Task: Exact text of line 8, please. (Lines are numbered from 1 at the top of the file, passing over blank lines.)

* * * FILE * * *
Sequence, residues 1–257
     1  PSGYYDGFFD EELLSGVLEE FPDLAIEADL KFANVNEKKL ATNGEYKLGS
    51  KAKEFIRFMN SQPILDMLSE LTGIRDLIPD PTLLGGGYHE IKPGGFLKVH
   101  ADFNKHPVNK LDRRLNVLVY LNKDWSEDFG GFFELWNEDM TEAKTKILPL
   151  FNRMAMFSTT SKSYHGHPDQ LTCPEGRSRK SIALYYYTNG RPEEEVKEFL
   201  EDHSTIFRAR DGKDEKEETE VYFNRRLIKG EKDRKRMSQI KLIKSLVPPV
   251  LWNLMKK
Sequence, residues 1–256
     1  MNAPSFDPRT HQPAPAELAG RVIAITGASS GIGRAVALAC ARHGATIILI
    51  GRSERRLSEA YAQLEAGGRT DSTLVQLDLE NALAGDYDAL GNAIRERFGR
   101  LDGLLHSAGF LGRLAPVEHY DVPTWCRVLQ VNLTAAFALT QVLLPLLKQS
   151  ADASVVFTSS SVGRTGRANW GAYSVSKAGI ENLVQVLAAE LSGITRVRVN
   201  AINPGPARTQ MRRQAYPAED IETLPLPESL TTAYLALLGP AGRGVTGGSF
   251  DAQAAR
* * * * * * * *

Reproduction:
Sequence, residues 1–256